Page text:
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BMW 3-Series (E90 E92) Forum > E90 / E92 / E93 3-series Technical Forums > DIY Guides > DIY E90 N54 Valve Cover Gasket



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robc1976's Avatar DIY E90 N54 Valve Cover Gasket
by Robc
robc1976
11-28-2012
Seems this DIY has never been done but it needs to be. It's really not that hard and the dealer charges $1000+ to do this. Ridiculous.

Disclaimer: I am not responsible for any damage done to your car following this tutorial. Worked perfectly for mine so it...
  #88  
By rooringhusky on 04-16-2014, 03:19 PM
Rob, thanks for the DIY first and foremost...About to tackle this VCG but just wondering if you guys lube the gasket with some oil before reinstallation? Thanks for all the tips and pictures
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  #89  
By robc1976 on 04-16-2014, 06:01 PM
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Quote:
Originally Posted by rooringhusky View Post
Rob, thanks for the DIY first and foremost...About to tackle this VCG but just wondering if you guys lube the gasket with some oil before reinstallation? Thanks for all the tips and pictures
no lubrication, make sure mating surface is completely clean.
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  #90  
By rooringhusky on 04-17-2014, 01:20 PM
Ok perfect...Thanks again Rob I will update in a week or two if I get a chance on how it went...Just ordered parts today
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  #91  
By Jklad on 04-17-2014, 09:55 PM
Quote:
Originally Posted by rooringhusky
Ok perfect...Thanks again Rob I will update in a week or two if I get a chance on how it went...Just ordered parts today
Are you replacing the entire cover, or just doing the gasket? I have to do this soon and at 102k folks say to replace the whole thing.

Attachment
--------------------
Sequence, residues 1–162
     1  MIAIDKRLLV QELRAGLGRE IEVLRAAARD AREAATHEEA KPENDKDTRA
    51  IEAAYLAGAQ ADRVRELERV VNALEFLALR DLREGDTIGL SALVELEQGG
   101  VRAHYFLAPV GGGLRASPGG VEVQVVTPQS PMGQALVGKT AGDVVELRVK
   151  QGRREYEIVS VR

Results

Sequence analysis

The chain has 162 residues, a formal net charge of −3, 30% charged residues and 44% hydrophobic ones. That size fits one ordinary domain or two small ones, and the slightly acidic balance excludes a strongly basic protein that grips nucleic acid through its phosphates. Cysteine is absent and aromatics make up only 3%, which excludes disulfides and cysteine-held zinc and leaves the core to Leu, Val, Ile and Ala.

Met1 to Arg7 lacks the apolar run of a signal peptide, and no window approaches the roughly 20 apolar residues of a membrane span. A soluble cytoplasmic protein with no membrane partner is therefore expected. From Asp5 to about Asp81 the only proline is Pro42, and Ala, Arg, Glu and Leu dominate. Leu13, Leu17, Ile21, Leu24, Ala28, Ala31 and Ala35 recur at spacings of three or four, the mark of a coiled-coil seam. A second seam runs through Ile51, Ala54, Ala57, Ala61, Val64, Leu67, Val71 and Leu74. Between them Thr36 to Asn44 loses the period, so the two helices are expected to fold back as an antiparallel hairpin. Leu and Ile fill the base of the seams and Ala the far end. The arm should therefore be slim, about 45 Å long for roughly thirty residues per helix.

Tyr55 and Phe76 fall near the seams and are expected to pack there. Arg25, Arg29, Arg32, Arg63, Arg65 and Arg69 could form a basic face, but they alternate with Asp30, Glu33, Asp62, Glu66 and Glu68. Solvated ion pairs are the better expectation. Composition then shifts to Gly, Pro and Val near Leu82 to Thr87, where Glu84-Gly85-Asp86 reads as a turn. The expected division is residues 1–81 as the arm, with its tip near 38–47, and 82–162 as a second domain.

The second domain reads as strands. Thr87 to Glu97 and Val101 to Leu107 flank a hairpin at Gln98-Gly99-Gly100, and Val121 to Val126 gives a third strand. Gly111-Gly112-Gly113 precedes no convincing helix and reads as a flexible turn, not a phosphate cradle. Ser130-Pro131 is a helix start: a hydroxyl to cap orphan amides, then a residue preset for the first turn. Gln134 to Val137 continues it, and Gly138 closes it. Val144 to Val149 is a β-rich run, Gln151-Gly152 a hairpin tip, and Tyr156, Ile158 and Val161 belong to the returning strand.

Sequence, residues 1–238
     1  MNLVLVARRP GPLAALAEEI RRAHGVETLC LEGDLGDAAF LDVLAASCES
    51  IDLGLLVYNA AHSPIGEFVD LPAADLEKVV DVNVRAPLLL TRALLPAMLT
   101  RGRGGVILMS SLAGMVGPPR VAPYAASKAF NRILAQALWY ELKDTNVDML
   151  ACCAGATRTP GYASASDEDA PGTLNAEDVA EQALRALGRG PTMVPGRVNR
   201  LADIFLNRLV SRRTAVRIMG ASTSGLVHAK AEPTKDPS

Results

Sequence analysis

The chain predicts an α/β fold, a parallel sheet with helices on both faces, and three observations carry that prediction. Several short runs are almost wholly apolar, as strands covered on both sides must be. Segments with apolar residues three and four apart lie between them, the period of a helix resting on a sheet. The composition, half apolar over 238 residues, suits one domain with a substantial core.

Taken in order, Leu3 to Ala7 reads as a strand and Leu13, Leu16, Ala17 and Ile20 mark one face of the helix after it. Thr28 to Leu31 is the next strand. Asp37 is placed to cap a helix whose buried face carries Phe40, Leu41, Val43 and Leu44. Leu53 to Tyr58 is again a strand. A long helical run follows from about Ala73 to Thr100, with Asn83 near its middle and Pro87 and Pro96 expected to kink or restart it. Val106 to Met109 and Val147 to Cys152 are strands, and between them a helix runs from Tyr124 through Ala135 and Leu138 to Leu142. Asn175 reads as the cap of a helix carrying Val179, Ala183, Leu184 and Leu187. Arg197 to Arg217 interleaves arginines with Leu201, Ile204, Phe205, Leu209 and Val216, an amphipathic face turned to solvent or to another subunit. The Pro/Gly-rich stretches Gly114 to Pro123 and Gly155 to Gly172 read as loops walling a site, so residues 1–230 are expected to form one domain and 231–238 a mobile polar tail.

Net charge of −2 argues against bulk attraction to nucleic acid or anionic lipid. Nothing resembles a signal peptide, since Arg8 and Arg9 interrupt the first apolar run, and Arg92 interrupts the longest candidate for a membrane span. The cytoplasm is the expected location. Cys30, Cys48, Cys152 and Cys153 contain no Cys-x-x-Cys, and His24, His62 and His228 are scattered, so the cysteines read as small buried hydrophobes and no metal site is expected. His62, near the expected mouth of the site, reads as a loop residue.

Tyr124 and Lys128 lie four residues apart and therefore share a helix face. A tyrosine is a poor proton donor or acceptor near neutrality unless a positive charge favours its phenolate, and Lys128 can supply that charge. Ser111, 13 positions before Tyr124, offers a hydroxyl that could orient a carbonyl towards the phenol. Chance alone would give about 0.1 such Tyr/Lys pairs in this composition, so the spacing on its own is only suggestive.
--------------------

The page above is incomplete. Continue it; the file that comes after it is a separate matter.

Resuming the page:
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  #92  
By MontegoChris on 04-20-2014, 02:20 AM
Great write up!
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  #93  
By stashtrey on 04-20-2014, 02:55 AM
Replace it all. You don't want to pull it all apart twice. Totally worth doing it all for peace of mind.
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  #94  
By robc1976 on 04-20-2014, 10:44 AM
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Quote:
Originally Posted by stashtrey View Post
Replace it all. You don't want to pull it all apart twice. Totally worth doing it all for peace of mind.
Have to agree
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  #95  
By robc1976 on 04-20-2014, 10:45 AM
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Quote:
Originally Posted by MontegoChris View Post
Great write up!
thank you!
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  #96  
By NGEE on 04-27-2014, 09:31 AM
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Thanks for the excellent DIY OP!! You really took some care with the photos and all, and that is a great service to the forum. Major props to you sir!